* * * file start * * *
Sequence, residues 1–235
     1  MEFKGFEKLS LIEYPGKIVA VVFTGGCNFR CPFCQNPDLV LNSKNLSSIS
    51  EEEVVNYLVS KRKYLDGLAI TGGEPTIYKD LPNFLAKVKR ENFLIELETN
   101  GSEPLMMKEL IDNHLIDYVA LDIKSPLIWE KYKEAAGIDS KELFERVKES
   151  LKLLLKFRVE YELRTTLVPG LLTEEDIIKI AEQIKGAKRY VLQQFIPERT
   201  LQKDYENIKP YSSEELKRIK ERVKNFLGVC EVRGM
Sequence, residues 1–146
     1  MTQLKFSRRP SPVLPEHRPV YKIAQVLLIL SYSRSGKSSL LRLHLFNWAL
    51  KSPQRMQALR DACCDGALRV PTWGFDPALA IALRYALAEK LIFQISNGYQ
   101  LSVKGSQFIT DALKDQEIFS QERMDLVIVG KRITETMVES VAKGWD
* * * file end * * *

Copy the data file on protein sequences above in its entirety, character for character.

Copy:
Sequence, residues 1–235
     1  MEFKGFEKLS LIEYPGKIVA VVFTGGCNFR CPFCQNPDLV LNSKNLSSIS
    51  EEEVVNYLVS KRKYLDGLAI TGGEPTIYKD LPNFLAKVKR ENFLIELETN
   101  GSEPLMMKEL IDNHLIDYVA LDIKSPLIWE KYKEAAGIDS KELFERVKES
   151  LKLLLKFRVE YELRTTLVPG LLTEEDIIKI AEQIKGAKRY VLQQFIPERT
   201  LQKDYENIKP YSSEELKRIK ERVKNFLGVC EVRGM
Sequence, residues 1–146
     1  MTQLKFSRRP SPVLPEHRPV YKIAQVLLIL SYSRSGKSSL LRLHLFNWAL
    51  KSPQRMQALR DACCDGALRV PTWGFDPALA IALRYALAEK LIFQISNGYQ
   101  LSVKGSQFIT DALKDQEIFS QERMDLVIVG KRITETMVES VAKGWD